“He really enjoyed travelling and he is able to do that again. To take that trip across the Atlantic, he was so excited about it and was looking forward to it so much. Of course it is tiring and we have jetlag and the emotions of being back here are sometimes difficult to take, but to be able to do it is almost a miracle.”

Pádraig has no recollection of the crash or of the time he spent in hospital in the US but the family visited the intensive care unit on Tuesday and met the doctors and nurses who cared for him.

“He was really, really, happy to see what we had told him about over the last few years. We told him how the accident happened but he has no recollection of it. And the time we spent here, he was in a coma. I think it is good for him to recover that lost memory.”

Mr Schäler said the family wanted to use their visit to raise awareness of Pádraig’s case and to promote responsible driving in a country where ‘car culture’ prevails.

Last mile

The family invited J1 students, friends and residents of Cape Cod to join them on Wednesday morning as they walked the ‘last mile’ from the Brewster Police Department on 631 Harwich Road to the location where the accident took place near 2019 Main Street, Brewster.

“I don’t think it happens every day in Cape Cod that people do this kind of thing for cyclists and walk along with a wheelchair,” Mr Schäler said.

Mr Schäler has been very critical of the police investigation into the crash and has called for better road safety driver education and an investigation into the accident that changed his son’s life.

On their arrival in Boston this week the family met with officials from the office of Massachusetts Attorney General Maura Healy for an update on issues they had raised in relation to the investigation.

“They interviewed the police officers, or some of the police officers, at least. They said that in order to charge someone with a criminal offence the bar is very, very, high and the chances of proving that were too low.”

“I told them that we are not done, that we have just started.”

Officials told the Schälers they would communicate the family’s concerns with the attorney general.

“They said that they would tell her about the case and said they really understood the points that we wanted to make.”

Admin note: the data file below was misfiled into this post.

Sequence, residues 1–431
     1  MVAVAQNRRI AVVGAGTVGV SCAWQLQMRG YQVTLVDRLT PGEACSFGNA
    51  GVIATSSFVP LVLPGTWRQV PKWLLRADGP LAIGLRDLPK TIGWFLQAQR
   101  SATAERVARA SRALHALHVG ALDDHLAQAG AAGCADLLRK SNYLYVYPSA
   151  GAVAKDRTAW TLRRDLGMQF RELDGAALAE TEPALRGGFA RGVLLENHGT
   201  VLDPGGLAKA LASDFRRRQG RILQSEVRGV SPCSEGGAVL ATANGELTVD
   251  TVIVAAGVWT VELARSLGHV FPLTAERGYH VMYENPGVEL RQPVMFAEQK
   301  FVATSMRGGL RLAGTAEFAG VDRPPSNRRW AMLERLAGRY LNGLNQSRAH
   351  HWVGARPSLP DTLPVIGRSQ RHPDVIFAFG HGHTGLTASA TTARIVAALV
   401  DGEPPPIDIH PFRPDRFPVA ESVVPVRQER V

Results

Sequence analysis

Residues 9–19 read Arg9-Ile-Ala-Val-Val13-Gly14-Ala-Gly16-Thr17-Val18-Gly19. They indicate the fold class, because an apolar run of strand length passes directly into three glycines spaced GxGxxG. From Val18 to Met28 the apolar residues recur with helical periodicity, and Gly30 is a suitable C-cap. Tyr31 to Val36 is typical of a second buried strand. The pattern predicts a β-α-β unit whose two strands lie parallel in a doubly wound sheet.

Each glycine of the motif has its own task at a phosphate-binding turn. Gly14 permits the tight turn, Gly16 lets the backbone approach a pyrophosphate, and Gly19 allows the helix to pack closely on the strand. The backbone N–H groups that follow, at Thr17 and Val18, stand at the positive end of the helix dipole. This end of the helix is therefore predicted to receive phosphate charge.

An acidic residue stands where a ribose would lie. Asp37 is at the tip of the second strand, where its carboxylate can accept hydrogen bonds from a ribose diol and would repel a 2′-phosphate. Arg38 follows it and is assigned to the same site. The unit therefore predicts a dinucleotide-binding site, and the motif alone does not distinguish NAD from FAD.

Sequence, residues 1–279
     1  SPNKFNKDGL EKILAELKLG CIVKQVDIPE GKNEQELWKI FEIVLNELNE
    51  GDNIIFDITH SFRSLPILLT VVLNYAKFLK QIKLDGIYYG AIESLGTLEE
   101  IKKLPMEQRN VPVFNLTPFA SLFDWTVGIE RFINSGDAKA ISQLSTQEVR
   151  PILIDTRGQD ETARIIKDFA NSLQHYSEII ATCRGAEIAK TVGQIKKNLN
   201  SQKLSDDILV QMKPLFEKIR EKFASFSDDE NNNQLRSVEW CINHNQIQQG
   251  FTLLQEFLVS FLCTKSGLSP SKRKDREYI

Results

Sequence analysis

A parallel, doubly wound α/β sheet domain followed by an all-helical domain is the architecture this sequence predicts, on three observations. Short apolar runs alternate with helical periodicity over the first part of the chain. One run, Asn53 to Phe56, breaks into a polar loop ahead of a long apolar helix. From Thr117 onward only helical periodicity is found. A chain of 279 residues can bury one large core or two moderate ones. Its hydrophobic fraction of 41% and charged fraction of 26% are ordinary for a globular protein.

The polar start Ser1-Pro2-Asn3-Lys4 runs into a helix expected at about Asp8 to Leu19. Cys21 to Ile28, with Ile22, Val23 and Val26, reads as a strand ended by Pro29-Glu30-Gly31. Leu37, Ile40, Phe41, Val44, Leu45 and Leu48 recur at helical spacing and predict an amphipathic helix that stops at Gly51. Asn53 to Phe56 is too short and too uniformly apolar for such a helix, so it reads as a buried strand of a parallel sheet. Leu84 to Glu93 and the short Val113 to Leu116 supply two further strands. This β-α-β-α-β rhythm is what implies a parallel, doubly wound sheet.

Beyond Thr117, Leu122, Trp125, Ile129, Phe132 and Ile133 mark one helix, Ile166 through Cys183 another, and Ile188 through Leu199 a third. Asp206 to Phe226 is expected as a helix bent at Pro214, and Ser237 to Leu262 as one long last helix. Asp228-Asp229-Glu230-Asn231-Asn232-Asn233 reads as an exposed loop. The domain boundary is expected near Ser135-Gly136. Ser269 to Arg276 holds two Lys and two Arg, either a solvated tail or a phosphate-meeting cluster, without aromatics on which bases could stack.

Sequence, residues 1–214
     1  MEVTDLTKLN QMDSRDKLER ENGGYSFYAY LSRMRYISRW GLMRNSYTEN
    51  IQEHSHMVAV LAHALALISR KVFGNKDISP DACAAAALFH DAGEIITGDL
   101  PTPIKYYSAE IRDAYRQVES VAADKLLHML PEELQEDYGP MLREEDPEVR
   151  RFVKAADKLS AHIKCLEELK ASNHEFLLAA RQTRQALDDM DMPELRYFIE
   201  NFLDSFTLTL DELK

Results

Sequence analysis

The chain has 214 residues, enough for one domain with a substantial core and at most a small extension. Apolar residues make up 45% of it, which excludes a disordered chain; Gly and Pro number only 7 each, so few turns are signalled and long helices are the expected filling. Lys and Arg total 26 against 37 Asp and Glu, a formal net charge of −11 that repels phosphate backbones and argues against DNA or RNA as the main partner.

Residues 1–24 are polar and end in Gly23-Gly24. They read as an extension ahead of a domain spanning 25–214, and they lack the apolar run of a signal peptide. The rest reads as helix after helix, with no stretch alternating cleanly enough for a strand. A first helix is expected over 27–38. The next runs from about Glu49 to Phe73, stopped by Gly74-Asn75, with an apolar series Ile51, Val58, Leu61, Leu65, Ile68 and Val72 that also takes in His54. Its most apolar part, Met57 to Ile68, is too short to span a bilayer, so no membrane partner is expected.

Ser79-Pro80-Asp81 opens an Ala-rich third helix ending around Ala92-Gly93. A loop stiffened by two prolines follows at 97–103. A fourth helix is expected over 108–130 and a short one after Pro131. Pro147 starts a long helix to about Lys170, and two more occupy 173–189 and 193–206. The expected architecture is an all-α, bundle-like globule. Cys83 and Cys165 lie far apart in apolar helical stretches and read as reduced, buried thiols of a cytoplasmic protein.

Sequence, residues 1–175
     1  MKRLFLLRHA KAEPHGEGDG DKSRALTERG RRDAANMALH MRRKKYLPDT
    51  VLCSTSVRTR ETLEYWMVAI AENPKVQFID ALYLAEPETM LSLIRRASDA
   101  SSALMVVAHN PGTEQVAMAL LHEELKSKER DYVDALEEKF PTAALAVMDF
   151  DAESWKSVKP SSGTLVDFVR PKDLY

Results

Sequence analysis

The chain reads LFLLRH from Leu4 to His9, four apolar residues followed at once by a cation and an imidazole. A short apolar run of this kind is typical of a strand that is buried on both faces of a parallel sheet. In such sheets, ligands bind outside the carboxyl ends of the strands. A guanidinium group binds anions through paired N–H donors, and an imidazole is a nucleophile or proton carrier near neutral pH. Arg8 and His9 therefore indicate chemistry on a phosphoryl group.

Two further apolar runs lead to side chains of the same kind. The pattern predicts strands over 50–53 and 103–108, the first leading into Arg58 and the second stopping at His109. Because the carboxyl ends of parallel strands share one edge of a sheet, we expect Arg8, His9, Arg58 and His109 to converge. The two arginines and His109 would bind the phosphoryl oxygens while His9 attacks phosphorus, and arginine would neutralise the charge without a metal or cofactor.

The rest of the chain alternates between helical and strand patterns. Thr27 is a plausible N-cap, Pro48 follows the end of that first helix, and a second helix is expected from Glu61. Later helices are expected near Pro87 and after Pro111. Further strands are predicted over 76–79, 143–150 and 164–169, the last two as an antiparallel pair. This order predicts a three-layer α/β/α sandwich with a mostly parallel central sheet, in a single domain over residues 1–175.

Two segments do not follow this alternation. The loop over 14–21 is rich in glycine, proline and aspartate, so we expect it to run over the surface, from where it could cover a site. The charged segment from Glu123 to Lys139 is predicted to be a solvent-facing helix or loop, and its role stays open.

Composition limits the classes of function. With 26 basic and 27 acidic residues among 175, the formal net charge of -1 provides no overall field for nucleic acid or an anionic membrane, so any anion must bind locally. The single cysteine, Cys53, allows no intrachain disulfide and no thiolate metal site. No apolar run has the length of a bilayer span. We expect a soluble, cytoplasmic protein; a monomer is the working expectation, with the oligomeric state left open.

Driver education

Mr Schäler said he also raised the issue of safety and driver awareness with officials.

“I made suggestions that they should look at driver education such as the RSA videos they are running on RTÉ showing how to overtake cyclists. There is none of that here. They said they might look at that. They said they might also think about insurance for drivers. There are big systemic problems here. I don’t think that Pádraig’s accident will change them but maybe the next time something like that happens people will remember.”

“When we get the written statement from the attorney general we are not going to leave it because you have thousands of people and students going to Boston and to Cape Cod and this could happen to anybody,” Mr Schäler said.

Since the time of his crash Pádraig’s family and friends have organised numerous fundraising events, including a song recorded by 40 of his friends, to help pay for the financial cost of the accident which has been estimated to be around $12 million.

“We would not have made it without the help of Pádraig’s friends. They are just unbelievable. I never would have expected anything like what has happened over the last number of years. There are dozens of examples and that is not even to mention their moral support, and the energy they shared, and their friendship.

“When you know that there are so many people helping you and supporting you it really helps you through even the most difficult times,” Mr Schäler said.